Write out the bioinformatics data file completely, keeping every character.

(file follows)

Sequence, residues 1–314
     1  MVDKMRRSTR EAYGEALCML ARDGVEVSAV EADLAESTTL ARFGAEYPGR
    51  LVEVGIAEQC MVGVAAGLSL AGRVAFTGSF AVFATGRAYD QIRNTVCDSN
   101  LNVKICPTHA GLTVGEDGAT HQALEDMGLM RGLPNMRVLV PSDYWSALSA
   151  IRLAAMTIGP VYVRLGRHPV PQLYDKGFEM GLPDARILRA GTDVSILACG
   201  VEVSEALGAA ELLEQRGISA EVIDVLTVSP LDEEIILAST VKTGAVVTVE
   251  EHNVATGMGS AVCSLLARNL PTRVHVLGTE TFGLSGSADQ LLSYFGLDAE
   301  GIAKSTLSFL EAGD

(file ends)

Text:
Sequence, residues 1–314
     1  MVDKMRRSTR EAYGEALCML ARDGVEVSAV EADLAESTTL ARFGAEYPGR
    51  LVEVGIAEQC MVGVAAGLSL AGRVAFTGSF AVFATGRAYD QIRNTVCDSN
   101  LNVKICPTHA GLTVGEDGAT HQALEDMGLM RGLPNMRVLV PSDYWSALSA
   151  IRLAAMTIGP VYVRLGRHPV PQLYDKGFEM GLPDARILRA GTDVSILACG
   201  VEVSEALGAA ELLEQRGISA EVIDVLTVSP LDEEIILAST VKTGAVVTVE
   251  EHNVATGMGS AVCSLLARNL PTRVHVLGTE TFGLSGSADQ LLSYFGLDAE
   301  GIAKSTLSFL EAGD